House of the Dead

House of the Dead

Retro Coin Op Synopsis

First-person shooters entered the world of the macabre and gory in 1997’s House of the Dead. Sega’s frightfest offered all the usual light-gun action, but instead of soldiers, terrorists or aliens, this game pitted your shooting skills against legions of the undead.

The game’s story had special agent Tom Rowgun (and a partner in two-player mode) assigned to investigate the goings-on in a spooky old mansion. A group of the world’s greatest geneticists had been working there, and it was up to Tom to find and rescue them, along with one scientist’s lovely daughter Laura. Unfortunately, these assorted eggheads just happened to be surrounded by hundreds of flesh-eating zombies and other supernatural beasties.

As in earlier shooters like Area 51 and Virtua Cop, the action in House of the Dead unfolded like a first-person movie, with the game itself deciding where you should be looking and moving. Players weren’t left completely without control, however. In fact, House of the Dead offered multiple paths and shortcuts through the mansion. Some were secret paths opened up by shooting the right creature or object, but others were determined by how well you played the game—how accurately you shot, how many scientists you saved, etc.

Tom Rowgun’s pistol only held six bullets, but reloading was as simple as aiming away from the screen and pulling the trigger, a trick dating back to 1992’s Lethal Enforcers. It sounded simple, but when several decayed faces were running up to dine on your brains, the pressure got a bit more intense.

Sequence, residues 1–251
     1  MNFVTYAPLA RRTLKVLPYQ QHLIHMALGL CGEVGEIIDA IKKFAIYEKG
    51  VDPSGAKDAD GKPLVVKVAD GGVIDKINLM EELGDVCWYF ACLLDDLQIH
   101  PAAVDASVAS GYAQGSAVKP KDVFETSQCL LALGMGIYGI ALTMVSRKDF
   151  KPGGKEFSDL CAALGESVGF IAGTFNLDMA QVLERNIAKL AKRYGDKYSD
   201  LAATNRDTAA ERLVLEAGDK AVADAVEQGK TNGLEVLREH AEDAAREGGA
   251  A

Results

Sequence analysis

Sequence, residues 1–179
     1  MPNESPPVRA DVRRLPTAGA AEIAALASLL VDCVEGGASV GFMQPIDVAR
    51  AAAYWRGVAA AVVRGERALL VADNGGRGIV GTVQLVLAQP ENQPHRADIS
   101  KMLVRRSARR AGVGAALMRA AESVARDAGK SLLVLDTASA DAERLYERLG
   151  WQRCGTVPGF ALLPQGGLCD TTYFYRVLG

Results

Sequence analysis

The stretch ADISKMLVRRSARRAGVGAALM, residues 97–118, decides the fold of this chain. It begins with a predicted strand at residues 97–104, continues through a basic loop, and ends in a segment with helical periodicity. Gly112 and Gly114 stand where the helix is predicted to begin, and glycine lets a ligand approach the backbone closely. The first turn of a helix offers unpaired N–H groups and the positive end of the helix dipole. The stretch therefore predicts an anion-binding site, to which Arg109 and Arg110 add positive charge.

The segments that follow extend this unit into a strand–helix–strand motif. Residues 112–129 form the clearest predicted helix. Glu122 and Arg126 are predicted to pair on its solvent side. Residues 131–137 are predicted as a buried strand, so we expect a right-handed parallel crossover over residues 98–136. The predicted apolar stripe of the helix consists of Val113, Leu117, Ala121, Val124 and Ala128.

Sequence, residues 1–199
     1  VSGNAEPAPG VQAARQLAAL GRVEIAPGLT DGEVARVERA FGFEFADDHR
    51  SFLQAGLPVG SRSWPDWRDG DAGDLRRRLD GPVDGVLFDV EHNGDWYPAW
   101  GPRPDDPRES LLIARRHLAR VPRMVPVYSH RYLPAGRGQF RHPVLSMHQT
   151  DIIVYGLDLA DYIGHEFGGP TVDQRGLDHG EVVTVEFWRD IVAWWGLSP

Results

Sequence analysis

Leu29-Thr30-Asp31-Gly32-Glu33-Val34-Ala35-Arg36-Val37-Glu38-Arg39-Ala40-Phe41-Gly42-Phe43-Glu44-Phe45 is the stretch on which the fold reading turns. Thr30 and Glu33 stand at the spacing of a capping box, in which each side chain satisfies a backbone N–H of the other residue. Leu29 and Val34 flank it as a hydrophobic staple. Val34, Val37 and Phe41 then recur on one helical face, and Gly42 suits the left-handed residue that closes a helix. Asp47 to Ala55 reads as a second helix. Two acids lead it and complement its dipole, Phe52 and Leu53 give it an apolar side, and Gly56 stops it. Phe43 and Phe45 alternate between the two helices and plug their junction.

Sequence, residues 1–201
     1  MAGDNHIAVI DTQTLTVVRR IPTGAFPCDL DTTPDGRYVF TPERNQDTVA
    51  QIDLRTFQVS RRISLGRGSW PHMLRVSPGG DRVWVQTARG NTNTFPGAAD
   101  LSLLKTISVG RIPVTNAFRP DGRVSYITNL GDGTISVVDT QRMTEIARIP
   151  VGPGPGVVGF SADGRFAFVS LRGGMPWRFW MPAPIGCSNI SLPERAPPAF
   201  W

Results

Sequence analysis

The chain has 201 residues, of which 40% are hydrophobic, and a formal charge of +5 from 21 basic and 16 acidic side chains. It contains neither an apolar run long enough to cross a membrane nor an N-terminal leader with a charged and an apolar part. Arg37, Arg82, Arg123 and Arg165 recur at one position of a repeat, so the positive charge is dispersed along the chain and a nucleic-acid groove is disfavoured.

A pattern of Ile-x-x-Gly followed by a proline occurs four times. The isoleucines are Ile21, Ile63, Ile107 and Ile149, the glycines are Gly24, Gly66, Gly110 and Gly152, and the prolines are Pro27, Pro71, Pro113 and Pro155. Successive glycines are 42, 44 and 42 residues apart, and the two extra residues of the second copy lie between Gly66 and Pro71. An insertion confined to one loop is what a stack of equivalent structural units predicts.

House of the Dead was crawling with nasties, from the traditional zombies to winged mutant dogs to knife-wielding monkeys, along with four end-of-chapter bosses—the Armored Giant, the Man-Bat, the Giant Spider and the Magician. You never knew when another soldier of the undead would pop up, and things only got tougher if there was an innocent scientist involved. Not only did you have to stop the zombie, you had to do it without hurting the humans—no small feat.

Making poor Tom’s life even more miserable, the zombies didn’t really have any vital organs. An arm or leg shot might slow the baddies down for a bit, but they’d just keep ambling toward you. Even chest shots might not do the trick, blowing open see-through holes but leaving the creature only partially destroyed. The only sure shot was a head shot, a staple of the Night of the Living Dead films.

House of the Dead managed to combine the fast-action thrills of traditional arcade shooters with the creeping dread and overwhelming gore of a horror movie, a combination that sent gamers scrambling to dig up more quarters. Sega released a sequel in 1998, House of the Dead 2, which gave our heroes the unenviable task of defending the world against a total undead invasion. The second installment attracted even more fans to the gruesome game series, proving that you can’t keep a good zombie down (even with a well-placed shot to the noggin).

Arcade Machine Release History

1997 - House of the Dead
1998 - House of the Dead 2

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